Tuesday, November 20, 2007

Nutty for peanut butter fudge

Growing up, I had a friend who was deathly allergic to peanuts. And I always felt so bad for her. After all, in the eyes of a child, what could be worse than never being able to enjoy a simple PB&J sandwich? Even today, peanut butter remains one of my favorite treats. I slather it on bananas, use it to spice up Asian vegetable and meat dishes, and, of course, it's a fabulous ingredient in any number of dessert recipes…Which brings me to today's topic. Happy National Peanut Butter Fudge Day! And really, it couldn't come along at a better time. For all of you trying to figure out what sweet treat to bring to the big Thanksgiving meal Thursday, this certainly qualifies - and your dish will stand out in what will likely be a sea of pumpkin and pecan pies.
For me, peanut butter fudge invokes fond memories of Christmas in Chicago. Every holiday season, my mom (shout out, Mom!) makes killer peanut butter and chocolate fudge. She always has to make several batches, though, because it's so in-demand with friends, neighbors, old sports coaches…you get the picture…all clamoring for a few pieces.
If you're worried about adding more goodies to what will be a food-filled week, look on the bright side: peanut butter is good for you! It's an excellent source of protein, vitamins B3 and E, niacin, folate and manganese. In addition, peanuts are rich in antioxidants - all benefits to reducing the risks of cardiovascular disease and boosting heart health.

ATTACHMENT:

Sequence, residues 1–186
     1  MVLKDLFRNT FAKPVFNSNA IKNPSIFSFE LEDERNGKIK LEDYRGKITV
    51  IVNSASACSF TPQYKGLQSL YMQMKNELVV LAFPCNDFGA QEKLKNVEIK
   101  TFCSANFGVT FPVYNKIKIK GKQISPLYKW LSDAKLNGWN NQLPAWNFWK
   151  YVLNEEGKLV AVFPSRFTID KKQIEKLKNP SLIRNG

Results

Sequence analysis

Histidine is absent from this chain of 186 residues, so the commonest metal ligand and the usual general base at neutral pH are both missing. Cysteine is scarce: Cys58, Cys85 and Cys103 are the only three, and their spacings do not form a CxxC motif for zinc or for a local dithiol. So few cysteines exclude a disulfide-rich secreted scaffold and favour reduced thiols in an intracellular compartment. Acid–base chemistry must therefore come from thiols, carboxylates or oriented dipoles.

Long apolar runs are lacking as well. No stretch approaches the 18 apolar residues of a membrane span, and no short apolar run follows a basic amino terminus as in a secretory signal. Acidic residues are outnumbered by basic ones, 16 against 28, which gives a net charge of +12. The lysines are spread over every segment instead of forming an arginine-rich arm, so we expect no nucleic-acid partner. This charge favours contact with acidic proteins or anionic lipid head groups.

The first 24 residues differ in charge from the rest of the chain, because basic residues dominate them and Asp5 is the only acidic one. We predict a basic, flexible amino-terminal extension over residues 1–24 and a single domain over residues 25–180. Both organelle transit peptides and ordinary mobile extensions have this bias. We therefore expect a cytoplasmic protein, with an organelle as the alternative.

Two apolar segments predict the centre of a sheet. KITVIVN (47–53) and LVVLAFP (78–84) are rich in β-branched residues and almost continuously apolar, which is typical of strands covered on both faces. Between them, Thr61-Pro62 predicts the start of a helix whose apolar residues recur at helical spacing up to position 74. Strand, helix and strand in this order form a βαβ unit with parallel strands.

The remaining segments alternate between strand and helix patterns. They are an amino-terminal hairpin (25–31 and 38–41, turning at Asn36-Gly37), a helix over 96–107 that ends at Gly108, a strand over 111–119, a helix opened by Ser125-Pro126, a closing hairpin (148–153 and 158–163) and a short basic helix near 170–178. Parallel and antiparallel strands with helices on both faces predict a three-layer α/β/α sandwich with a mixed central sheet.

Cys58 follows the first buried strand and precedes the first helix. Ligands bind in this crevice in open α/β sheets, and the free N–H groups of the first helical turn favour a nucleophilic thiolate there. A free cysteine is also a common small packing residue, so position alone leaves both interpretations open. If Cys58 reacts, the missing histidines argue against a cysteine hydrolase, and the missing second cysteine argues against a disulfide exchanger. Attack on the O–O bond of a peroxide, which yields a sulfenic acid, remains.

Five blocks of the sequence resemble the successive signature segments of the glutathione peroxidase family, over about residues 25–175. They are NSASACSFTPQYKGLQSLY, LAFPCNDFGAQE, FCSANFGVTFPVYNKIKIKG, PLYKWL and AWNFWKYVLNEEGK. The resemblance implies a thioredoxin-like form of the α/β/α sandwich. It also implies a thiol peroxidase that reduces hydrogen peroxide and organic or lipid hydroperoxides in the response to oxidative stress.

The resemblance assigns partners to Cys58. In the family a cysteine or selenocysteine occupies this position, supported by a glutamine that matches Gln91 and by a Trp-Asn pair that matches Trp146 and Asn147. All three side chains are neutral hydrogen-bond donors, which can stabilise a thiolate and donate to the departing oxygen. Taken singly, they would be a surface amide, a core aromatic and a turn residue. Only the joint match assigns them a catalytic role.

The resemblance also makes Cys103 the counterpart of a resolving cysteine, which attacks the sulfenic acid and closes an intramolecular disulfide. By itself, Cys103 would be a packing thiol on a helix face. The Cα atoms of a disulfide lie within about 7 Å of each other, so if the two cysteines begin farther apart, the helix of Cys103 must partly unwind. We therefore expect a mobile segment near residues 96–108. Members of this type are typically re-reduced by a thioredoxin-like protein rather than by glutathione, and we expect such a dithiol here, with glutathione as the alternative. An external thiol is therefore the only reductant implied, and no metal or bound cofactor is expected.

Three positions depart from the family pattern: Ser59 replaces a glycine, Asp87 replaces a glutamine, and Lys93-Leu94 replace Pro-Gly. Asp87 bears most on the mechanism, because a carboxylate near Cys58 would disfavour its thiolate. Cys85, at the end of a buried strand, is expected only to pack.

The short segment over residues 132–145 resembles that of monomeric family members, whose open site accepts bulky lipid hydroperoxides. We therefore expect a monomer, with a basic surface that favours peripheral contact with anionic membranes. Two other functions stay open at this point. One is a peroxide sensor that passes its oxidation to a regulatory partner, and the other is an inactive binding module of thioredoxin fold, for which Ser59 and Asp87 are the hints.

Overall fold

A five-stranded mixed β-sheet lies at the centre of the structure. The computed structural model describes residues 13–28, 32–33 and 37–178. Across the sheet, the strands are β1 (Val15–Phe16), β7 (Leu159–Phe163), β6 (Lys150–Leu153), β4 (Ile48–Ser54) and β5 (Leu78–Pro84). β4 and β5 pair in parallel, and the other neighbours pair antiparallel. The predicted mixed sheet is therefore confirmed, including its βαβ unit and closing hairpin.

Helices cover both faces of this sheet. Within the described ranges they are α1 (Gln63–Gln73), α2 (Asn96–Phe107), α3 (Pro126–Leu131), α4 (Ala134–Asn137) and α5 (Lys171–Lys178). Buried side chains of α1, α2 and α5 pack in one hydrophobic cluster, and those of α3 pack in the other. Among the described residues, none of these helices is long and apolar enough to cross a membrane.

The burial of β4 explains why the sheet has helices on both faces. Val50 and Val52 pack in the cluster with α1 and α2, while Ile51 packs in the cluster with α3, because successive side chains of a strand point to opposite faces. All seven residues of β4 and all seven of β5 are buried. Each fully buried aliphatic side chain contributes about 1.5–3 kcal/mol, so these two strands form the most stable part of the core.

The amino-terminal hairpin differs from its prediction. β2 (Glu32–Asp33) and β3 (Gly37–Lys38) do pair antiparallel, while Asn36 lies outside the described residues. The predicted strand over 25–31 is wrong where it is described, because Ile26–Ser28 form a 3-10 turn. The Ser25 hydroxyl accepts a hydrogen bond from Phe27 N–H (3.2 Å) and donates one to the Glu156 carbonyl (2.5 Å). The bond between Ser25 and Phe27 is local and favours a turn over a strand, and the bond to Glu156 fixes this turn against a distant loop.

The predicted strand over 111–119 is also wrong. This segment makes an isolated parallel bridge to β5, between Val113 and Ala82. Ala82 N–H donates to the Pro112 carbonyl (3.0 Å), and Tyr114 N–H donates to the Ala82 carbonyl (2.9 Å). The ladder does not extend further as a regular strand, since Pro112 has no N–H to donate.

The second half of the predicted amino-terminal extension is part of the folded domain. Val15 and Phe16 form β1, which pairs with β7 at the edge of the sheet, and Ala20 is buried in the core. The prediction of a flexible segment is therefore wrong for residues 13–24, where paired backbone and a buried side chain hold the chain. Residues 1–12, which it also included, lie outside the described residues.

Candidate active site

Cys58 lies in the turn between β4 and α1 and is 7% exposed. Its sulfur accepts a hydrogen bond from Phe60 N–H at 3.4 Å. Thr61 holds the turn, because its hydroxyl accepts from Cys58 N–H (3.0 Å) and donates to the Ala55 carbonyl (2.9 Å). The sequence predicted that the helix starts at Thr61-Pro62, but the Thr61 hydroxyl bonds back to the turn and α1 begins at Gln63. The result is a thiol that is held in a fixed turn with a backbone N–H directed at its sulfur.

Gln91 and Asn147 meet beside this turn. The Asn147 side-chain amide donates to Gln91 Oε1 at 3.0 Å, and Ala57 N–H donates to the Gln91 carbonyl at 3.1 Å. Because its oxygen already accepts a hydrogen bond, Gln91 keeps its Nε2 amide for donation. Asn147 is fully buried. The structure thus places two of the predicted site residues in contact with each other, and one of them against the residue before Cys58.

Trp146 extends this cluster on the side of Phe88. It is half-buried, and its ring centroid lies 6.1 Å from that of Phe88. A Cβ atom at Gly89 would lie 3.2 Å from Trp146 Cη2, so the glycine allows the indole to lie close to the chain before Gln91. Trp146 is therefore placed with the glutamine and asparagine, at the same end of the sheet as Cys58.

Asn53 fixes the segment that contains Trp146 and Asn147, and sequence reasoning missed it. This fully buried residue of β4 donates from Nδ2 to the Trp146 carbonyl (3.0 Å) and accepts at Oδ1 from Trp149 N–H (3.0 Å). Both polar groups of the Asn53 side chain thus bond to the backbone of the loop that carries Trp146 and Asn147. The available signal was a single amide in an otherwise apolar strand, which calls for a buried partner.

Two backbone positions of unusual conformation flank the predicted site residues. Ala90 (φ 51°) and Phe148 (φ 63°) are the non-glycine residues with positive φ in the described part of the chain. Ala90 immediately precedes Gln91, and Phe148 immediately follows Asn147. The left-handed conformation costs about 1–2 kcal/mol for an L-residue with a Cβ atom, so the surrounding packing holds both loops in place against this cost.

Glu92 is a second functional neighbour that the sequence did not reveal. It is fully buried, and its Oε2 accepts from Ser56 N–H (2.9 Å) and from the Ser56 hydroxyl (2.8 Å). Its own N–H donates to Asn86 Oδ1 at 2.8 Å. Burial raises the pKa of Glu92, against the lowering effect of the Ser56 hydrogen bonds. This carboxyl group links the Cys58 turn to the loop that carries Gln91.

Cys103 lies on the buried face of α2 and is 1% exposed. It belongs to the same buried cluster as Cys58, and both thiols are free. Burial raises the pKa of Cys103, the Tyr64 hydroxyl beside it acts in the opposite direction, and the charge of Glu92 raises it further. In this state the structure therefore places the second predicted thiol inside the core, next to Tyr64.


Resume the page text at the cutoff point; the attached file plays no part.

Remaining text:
Here are a few more peanut butter factoids.
1. Peanut butter is found in about 75% of American homes.
2. Peanuts are not actually nuts. They are legumes, like beans, peas and lentils.
3. Americans eat 3 pounds of peanut butter per person every year. That's about 700 million pounds, or enough to coat the floor of the Grand Canyon.
4. Peanut shells are found in kitty litter, wallboard, fireplace logs, paper, animal feed and sometimes as fuel for power plants.
5. Two peanut farmers have been elected President of the United States: Thomas Jefferson and Jimmy Carter.
6. One acre of peanuts will make 30,000 peanut butter sandwiches.

Now that you can impress your friends with your random peanut knowledge, here's a recipe to wow their palates. And yes, it's sugar-free!

Peanut Butter Fudge

More low calorie recipes here

Finally, because it's almost Thanksgiving - and I'm in a particularly giving mood today - I'll leave you with one of my favorite commercials ever. Although it's about milk, it heavily features a peanut butter sandwich.

Two clues: Who shot Alexander Hamilton? And Aaaawon Buhh!



Anonymous said...

Another interesting fact is that unlike crops like corn peanuts put nutrients back into the soil instead of taking it out. A lot like waste land plants do.

JMT said...

I just discovered your site. I'm always looking for great sugar free recipes and so thankful to find your well-written info and recipes. Keep up the great work!

Katie said...

Thank you for the compliment JMT! Please keep visiting.
And thanks, A Public Diet, for the interesting peanut factoid. I'm a big fan of all types of trivia so I'll be sure to include that in my next peanut-related blog.